Zac Boyer will be entering his third season covering the Washington Redskins for The Free Lance-Star this fall. Make sure to follow Zac on Twitter (@ZacBoyer) for the latest updates or e-mail him with any questions at email@example.com.
Given Time, Falcons’ Matt Ryan Will Be Able To Pick His Spots
ASHBURN – A mere mention of the last time Jarvis Jenkins saw Matt Ryan on a football field had the Washington Redskins’ defensive end shaking his head.
Ryan, then a quarterback at Boston College, completed a 43-yard touchdown pass with less than two minutes remaining to lead his team to victory over Jenkins and Clemson. With the victory, the Eagles, and not the favored Tigers, earned a trip to the ACC Championship.
That play and the sting of that defeat remain fresh on Jenkins’ mind five years later. If anything, it serves as a type of warning for what the Redskins could see Sunday against Atlanta.
“Don’t give him time, man,” Jenkins said. “Don’t let him get comfortable. Once he gets comfortable, that’s a guy that can hurt you real fast.”
Ryan has led the Falcons to their third 4-0 start in franchise history and has a 112.1 quarterback rating, the highest in the NFL through four weeks. Much of that has come from the rapport Ryan has built with his top two receivers, Roddy White and Julio Jones.
The 6-foot, 211-pound White, 30, has played in the last four Pro Bowls and is the only receiver to have more than 100 receptions in each of the last two seasons. Jones, at 6-foot-3 and 220 pounds, is in only his second year but has a bright future.
“One’s big, athletic and can go up and catch the ball, and the other one’s really fast, great route-runner, make all the catches,” said Redskins defensive coordinator Jim Haslett. “And maybe [they’re] the two best blocking wide receivers in the National Football League. They can go up and throw their body around. They’re tough. They’re physical. They’ve got a little mean streak to them, so it’s a challenge for their back end to see if we can control these two.”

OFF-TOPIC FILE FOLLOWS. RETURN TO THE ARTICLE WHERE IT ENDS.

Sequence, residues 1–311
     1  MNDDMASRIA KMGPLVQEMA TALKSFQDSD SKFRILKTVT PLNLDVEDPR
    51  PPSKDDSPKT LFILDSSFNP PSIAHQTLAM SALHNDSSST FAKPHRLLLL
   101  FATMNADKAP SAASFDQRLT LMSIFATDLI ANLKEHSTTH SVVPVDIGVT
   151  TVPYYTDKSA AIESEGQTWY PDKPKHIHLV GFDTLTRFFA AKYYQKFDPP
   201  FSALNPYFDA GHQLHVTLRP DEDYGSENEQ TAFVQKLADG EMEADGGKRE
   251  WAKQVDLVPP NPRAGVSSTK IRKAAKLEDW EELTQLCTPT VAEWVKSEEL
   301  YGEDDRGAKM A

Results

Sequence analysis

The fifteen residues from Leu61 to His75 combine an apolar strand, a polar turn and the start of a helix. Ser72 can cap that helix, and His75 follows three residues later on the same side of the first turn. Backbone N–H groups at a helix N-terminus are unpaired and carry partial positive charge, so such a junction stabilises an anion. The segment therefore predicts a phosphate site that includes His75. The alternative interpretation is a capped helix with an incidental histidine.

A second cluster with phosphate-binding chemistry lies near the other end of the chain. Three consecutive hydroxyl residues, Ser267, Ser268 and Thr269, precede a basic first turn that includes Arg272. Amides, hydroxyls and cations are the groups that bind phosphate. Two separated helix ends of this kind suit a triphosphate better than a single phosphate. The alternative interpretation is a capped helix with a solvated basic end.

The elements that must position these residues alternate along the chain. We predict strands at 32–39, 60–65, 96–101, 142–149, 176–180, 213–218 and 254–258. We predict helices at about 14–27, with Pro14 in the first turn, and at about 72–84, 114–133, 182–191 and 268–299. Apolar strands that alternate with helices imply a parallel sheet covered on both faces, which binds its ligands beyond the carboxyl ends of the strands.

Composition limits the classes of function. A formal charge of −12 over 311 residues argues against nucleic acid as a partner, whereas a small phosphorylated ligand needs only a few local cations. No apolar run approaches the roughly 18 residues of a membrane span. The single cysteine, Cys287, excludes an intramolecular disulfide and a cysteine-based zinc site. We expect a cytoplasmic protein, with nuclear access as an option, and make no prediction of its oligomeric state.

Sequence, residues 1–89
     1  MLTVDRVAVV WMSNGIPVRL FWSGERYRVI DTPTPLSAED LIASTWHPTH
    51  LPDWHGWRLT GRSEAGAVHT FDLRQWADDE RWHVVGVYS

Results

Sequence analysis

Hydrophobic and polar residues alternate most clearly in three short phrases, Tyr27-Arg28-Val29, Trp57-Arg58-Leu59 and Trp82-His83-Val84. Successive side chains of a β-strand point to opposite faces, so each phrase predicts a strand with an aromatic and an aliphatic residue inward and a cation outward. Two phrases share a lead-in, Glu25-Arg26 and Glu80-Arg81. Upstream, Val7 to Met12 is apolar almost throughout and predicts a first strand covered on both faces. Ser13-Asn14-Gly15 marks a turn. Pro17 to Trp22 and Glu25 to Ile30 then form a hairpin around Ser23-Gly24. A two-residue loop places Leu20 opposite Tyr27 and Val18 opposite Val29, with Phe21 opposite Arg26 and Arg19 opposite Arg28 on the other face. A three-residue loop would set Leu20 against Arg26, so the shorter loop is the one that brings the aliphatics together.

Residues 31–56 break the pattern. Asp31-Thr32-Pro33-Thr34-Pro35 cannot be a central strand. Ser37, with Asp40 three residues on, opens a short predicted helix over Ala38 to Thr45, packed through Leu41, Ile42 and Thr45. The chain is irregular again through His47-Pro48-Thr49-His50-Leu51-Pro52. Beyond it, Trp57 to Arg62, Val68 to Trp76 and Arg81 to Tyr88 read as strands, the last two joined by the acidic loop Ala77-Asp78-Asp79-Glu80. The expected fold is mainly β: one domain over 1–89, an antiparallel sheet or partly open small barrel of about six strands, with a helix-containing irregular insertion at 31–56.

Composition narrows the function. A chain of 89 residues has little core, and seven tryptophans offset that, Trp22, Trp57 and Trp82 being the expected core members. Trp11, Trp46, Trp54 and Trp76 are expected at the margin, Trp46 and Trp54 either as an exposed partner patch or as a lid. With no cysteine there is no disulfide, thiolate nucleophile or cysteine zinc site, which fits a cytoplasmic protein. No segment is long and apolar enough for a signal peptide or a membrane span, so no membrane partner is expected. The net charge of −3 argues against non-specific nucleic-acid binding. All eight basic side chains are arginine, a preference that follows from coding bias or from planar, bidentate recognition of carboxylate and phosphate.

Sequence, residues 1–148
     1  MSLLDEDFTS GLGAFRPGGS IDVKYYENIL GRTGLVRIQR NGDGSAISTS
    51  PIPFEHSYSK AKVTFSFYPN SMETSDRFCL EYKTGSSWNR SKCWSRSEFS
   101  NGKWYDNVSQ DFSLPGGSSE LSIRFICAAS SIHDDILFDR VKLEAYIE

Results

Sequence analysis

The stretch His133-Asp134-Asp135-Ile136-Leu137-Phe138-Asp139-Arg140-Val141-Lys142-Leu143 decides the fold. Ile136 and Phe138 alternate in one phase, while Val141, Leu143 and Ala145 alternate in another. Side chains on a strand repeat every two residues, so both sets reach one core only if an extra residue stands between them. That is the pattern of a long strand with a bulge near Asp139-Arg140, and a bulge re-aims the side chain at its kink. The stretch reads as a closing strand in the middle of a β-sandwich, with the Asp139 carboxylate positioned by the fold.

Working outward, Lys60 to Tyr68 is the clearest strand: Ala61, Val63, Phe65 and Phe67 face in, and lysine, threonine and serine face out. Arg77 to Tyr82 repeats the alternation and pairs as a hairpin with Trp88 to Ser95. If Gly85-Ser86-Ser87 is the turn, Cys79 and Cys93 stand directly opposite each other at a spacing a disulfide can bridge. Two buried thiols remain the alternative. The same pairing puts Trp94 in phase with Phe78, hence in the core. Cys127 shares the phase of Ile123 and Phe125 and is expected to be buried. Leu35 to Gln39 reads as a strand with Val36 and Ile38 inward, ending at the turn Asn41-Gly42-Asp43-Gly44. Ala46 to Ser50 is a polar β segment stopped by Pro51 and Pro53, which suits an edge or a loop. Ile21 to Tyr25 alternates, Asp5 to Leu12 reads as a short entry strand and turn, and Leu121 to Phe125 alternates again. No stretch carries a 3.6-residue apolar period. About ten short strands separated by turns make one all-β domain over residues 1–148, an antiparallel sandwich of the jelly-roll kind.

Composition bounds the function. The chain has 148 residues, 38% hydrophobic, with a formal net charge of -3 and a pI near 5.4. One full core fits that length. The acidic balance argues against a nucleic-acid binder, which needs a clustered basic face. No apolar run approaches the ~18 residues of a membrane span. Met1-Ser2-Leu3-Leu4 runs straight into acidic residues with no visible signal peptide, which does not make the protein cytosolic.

The matchup appears decidedly lopsided in the Falcons’ favor. Washington has had one of the most porous pass defenses over the first four weeks of the season, allowing a woeful 326.2 yards a game by the air to rank second-to-last in the league.
The secondary, in particular, has been depleted, with both projected starting safeties – Brandon Meriweather and Tanard Jackson – unable to play this year. Meriweather sprained ligaments in his left knee during the preseason and has twice experienced a setback; Jackson was suspended by the NFL indefinitely in late August for failing a drug test.
Vincent Jackson and Mike Williams each tested the Redskins last week at Tampa Bay, catching a combined 10 passes for 215 yards and a touchdown. Still, White and Jones are better receivers who pose a different type of challenge.
“You throw in a Hall of Famer in [tight end] Tony Gonzalez in the mix and it’s definitely a potent passing attack,” cornerback DeAngelo Hall said. “Matt Ryan has been playing lights out, probably the MVP right now in the first four weeks of the season, so you know, [it’s] definitely the best passing attack we will have faced so far this season.”
The Redskins haven’t just struggled with their coverage. Their pressure on the quarterback, considered before the season to be one of their potential strengths, has been practically nonexistent.
Washington has just seven sacks – a byproduct, the players maintain, of facing quarterbacks who throw the ball quickly. Ryan, meanwhile, was sacked seven times last week by Carolina, which offers the Redskins a glint of hope.
“It’s a total group effort,” Hall said. “It’s our offense being able to sustain drives. It’s our pass rush being able to get in his face. It’s us on the back end being able to cover, linebackers dropping some zones or play man if they have to. … It’s a simple formula, but it’s hard to execute. We’ll try to go out there and do what we do.”
But as Jenkins knows, even if the Redskins are able to do what they’d like, Ryan can always make the final play.
“A quarterback with two wide receivers that can make plays, man? If we do that like we did last week, they’re really gonna get past us,” Jenkins said. “We need to emphasize more staying in our rushing lanes and pushing the pocket as much as we can.”